See more on dealing with an aggressive dog.

Michael Avatar

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Dealing With Aggressive Dogs

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Jan 05, 2011 The truth about Battersea Dogs and Cats home
by: Anonymous

Having had some contact with Battersea Dog and Cat's Home(BDCH) in relation to its treatment of dogs I have come to believe that the real strategy is geared not towards animal welfare as a priority but towards maximising income. Apart from the charitable donations and sale of animals, BCDH makes money for every stray that is taken from local authorities or the Police. If a dog can't be re-homed quickly then it becomes a liability and needs to be shifted to make room for the moneymaking flow behind it. Initial dog assessments are cursory, if done at all, and little or no attempt is made to rehabilitate problem dogs. Just look at the numbers, with over 10,000 animals per annum coming into BCDH there's no way that they can be properly assessed or rehabilitated within the operational staffing resources. Indeed, in a confined and stressful environment with constant barking, no pack interaction, a stream of public visitors and very little exercise the behaviour of any dog is pretty well certain to deteriorate rapidly, eventually turning even the best of them into problem dogs. The real caring work is carried out by low paid and conscientious staff who make sure that all of the animals are fed and kept clean but are frightened to report an incident because an animal that makes a mistake or accidentally nips having been escalated to a heightened state of excitement by the stress of the place will be branded as vicious and put down pretty well immediately without any attempt to assess it or rehabilitate it. The death sentence is handed out as a matter of routine and without conscience. The only animals that have any real chance of finding a new home are those that look pretty or cute, like the ones that are always shown in the publicity 'photos, the prospect for the rest is grim. The truth would severely dent the reputation of BCDH, why else do they make staff and volunteers sign an undertaking not to speak to the media about anything that goes on in the home? The dog problem on our streets is a serious one but BCDH is being paid to deal with it Auschwitz style which does no credit to our society and it is about time that fact was publicly recognised. BCDH spends about £14m pa. You have to ask if that money is being efficiently spent when, in reality, its main task is simply to destroy stray dogs out of the public gaze.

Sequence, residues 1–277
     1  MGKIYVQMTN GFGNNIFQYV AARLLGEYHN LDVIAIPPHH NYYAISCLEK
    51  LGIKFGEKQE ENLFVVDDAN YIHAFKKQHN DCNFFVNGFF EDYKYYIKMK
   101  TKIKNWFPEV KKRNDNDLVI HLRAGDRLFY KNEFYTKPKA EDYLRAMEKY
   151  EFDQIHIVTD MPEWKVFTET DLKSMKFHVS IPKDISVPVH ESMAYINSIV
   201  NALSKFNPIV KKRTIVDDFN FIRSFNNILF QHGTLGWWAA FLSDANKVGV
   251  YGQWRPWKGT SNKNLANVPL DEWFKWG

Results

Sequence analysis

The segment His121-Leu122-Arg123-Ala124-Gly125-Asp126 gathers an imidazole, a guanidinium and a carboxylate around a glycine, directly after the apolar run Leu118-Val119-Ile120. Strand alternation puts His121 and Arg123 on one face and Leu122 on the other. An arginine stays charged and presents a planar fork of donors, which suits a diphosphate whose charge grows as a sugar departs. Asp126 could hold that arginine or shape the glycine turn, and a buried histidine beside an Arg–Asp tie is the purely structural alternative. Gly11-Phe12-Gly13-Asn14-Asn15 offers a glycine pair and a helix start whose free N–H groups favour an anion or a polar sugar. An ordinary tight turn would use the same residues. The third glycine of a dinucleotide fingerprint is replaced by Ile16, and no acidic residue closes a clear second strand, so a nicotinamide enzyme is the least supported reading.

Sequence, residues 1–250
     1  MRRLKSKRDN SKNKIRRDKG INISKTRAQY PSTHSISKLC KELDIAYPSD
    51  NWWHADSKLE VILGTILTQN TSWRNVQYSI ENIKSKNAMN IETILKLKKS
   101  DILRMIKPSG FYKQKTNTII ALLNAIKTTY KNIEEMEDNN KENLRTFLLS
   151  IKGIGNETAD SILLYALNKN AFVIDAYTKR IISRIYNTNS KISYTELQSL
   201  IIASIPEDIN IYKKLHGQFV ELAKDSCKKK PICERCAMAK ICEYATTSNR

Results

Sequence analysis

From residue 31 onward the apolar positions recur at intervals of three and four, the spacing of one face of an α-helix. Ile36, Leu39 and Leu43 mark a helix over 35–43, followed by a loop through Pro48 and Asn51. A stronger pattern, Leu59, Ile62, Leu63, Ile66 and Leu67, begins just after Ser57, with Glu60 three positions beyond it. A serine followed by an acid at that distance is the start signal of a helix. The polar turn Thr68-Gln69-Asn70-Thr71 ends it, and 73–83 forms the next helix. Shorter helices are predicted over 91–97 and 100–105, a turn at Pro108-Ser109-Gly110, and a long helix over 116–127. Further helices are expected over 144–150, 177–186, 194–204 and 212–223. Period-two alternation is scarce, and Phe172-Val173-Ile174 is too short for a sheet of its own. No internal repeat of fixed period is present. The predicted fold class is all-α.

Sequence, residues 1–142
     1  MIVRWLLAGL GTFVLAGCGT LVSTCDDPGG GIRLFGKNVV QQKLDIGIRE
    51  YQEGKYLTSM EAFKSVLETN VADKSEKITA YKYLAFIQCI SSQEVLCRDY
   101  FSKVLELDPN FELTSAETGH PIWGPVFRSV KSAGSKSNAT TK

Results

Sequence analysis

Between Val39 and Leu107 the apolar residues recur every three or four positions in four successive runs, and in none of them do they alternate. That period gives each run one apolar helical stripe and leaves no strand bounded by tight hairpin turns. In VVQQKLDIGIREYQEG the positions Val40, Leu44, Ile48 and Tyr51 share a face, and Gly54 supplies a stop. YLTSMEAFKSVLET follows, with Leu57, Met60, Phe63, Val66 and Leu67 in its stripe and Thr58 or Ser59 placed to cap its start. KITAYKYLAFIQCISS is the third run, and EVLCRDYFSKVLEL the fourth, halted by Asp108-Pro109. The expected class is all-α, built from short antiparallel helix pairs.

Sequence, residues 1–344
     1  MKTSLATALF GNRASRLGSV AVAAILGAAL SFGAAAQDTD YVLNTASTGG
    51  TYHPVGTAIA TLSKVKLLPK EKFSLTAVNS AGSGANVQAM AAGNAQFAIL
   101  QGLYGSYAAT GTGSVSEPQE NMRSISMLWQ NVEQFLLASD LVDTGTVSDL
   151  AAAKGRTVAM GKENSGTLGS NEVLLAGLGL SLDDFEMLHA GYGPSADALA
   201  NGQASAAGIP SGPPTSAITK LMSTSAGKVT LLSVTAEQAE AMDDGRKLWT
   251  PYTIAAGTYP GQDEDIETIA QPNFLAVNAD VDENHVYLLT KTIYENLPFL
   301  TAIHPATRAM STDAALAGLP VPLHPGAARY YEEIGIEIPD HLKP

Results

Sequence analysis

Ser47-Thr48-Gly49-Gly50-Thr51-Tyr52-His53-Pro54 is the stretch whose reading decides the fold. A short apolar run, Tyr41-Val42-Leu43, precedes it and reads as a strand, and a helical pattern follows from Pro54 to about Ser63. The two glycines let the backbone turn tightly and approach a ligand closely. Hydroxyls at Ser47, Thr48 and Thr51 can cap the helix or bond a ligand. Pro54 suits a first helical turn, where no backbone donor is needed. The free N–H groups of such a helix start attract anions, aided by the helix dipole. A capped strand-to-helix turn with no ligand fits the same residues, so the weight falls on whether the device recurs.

Aug 03, 2010 Interesting
by: Ruth

A very interesting article thank you Michael.
Yes it's usually inadequate men who think having an aggressive dog makes them look important, I suppose it gives them the feeling of power.

I think the same applies to dogs as it does to cats. Just like there are no bad cats, only bad cat 'owners' there are no bad dogs, only bad dog 'owners'
Millions of animals pay with their lives because of their misfortune of falling into the hands of ignorant or cruel people.

Kattaddorra signature Ruth


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  1. Pingback: The Challenge Of Training An Aggressive Dog | Organic Dog Food